YANGON • With Myanmar emerging as a manufacturing hub for mass-produced clothes, a crop of young designers is using home-grown fashion to preserve the country's sartorial heritage and reshape the sweatshop model.
Inside her boutique in downtown Yangon, Ms Pyone Thet Thet Kyaw crafts her own designs using traditional patterns and fabrics, many from ethnic minority groups, to make A-line skirts, dresses and tops.
On one, she adds the high-collared neckline of the inngyi - a tight top usually worn by Myanmar women with a fitted, sarong-like skirt - to a pleated dress.
"When you modernise the traditional patterned clothes, you have to be careful they're not too flashy - or too modern," she said.
Myanmar is fiercely proud of its traditional garb, which was largely protected from the influx of homogeneous Western fashion by the former military junta.
For 50 years, they shut the country off to foreign influences and tightly controlled what was worn in all official media.
Designer Ma Pont said she was not allowed to show even a flash of shoulder or armpit when she used to make clothes for military-controlled TV channels in the 1990s. "We were not really free," she said.
BURDEN ON WORKERS
If fast and unethical fashion continues, then we're the ones to suffer.
DESIGNER PYONE THET THET KYAW, on poorly paid, overworked employees.
Today, while many still prefer traditional clothes, especially the sarong-like longyi worn by both men and women, fashions are starting to change.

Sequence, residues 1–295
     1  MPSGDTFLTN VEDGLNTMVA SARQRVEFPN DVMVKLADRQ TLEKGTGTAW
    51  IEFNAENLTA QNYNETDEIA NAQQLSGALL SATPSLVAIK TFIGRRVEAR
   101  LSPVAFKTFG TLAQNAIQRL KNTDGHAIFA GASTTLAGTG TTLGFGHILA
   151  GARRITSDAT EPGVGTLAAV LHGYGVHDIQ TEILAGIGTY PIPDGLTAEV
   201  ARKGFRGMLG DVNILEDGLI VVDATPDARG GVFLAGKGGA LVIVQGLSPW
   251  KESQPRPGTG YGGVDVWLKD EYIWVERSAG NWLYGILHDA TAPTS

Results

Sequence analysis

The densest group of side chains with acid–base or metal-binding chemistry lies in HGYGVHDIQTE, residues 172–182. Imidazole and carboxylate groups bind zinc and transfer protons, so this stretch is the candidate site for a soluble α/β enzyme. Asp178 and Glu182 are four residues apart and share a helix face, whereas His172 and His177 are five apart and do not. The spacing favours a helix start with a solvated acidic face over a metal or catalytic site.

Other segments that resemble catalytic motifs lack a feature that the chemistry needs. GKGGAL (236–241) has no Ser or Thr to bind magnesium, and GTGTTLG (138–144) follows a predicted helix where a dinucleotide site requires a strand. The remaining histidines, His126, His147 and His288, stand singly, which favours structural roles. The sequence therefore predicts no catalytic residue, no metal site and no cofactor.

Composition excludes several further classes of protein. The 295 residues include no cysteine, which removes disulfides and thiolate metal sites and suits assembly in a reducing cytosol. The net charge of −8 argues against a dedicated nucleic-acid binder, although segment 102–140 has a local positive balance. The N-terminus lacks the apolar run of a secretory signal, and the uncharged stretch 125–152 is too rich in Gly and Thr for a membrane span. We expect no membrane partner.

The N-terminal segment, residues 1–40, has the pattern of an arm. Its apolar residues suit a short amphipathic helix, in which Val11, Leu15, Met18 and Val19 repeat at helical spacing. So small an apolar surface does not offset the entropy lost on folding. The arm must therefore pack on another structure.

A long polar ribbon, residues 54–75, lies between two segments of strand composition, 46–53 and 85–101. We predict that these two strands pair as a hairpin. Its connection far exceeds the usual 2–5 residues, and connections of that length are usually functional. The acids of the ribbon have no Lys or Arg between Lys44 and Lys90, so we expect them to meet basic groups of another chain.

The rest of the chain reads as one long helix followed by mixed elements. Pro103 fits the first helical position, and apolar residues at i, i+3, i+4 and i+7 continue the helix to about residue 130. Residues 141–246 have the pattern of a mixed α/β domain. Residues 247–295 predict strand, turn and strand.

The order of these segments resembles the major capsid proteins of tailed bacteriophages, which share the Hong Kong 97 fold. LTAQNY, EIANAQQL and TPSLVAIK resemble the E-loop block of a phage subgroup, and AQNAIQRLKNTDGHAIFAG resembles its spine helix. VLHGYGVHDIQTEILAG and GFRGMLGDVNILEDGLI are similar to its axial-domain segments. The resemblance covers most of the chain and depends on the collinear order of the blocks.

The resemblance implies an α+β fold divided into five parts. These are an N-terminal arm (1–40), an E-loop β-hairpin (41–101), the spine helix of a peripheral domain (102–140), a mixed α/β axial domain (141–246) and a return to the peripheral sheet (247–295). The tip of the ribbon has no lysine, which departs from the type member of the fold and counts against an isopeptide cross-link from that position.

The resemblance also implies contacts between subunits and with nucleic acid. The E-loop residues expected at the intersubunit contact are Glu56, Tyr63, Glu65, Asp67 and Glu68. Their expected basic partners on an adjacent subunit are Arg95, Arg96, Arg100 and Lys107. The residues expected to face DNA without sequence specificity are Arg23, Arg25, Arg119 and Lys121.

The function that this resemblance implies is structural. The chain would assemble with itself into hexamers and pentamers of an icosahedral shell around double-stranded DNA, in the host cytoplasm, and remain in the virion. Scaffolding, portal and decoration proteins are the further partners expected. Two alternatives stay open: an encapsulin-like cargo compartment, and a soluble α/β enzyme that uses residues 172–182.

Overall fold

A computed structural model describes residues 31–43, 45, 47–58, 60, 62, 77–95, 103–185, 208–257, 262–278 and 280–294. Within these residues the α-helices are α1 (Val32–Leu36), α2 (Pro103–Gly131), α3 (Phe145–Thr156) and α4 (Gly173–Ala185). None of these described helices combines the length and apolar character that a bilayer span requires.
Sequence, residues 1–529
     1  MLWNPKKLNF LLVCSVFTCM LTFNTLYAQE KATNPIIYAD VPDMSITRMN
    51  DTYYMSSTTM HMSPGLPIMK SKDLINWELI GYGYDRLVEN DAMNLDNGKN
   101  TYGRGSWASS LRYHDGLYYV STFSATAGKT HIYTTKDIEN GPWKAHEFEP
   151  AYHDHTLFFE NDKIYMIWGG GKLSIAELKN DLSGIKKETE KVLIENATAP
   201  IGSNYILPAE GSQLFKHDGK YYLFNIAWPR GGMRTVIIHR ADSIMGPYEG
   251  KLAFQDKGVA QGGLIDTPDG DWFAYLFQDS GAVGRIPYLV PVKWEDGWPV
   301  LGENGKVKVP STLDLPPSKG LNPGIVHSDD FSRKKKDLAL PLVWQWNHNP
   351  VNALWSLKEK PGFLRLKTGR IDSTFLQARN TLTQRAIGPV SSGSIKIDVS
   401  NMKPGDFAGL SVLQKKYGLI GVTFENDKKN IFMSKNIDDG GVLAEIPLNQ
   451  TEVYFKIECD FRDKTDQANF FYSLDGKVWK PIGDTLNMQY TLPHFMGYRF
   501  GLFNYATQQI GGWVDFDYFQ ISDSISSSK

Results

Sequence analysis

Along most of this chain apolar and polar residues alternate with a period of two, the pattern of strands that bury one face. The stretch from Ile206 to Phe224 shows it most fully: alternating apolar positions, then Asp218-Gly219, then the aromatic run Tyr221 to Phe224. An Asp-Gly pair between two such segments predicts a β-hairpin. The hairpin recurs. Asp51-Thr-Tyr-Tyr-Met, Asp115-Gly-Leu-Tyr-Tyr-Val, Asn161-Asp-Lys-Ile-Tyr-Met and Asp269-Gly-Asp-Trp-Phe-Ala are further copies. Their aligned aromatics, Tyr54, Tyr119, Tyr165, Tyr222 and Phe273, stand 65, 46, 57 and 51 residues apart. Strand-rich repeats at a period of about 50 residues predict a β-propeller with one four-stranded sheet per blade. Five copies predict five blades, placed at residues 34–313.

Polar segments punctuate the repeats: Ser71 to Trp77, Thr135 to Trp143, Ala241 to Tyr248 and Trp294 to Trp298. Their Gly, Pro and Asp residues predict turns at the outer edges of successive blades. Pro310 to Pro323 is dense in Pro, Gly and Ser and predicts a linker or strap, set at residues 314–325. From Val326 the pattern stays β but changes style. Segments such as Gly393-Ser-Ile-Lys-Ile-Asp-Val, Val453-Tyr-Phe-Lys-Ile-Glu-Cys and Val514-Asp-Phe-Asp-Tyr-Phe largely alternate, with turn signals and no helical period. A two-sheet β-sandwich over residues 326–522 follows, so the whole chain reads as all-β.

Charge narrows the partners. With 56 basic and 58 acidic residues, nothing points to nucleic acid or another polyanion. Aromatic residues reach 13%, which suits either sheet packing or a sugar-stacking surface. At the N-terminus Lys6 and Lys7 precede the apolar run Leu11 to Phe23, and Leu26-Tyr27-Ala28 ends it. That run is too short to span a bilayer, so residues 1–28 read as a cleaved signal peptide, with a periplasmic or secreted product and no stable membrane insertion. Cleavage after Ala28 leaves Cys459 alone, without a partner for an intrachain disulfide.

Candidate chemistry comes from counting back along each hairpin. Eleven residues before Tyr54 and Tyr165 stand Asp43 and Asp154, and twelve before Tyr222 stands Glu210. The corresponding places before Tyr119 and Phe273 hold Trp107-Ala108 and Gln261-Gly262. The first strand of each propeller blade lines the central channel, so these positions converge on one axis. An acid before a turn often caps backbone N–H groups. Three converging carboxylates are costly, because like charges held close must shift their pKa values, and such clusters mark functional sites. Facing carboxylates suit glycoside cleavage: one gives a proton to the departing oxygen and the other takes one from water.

Shopping malls aimed at Yangon's growing middle class are sprouting up around the city, while on its fringes factories are churning out clothes for international brands drawn to its pool of young, cheap labour.
It is a flip side of the industry, which boutique designer Pyone Thet Thet Kyaw has seen first-hand.
As a teenager, she spent months toiling in garment factories - a job that earned her 2,000 kyat (now worth about S$2) a week. The experience made her determined to open her own boutique and train young women in the art of clothes-making to make sure they never suffer the same fate.
"I started to see things, like how you could spend only 10 minutes for your lunch or you could not go to the toilet whenever you wanted because it would disrupt their production line," she said. "If fast and unethical fashion continues, then we're the ones to suffer."
Myanmar is swiftly becoming a new hub for massive garment factories. Exports more than doubled to US$1.7 billion (S$2.3 billion) last financial year, according to official data.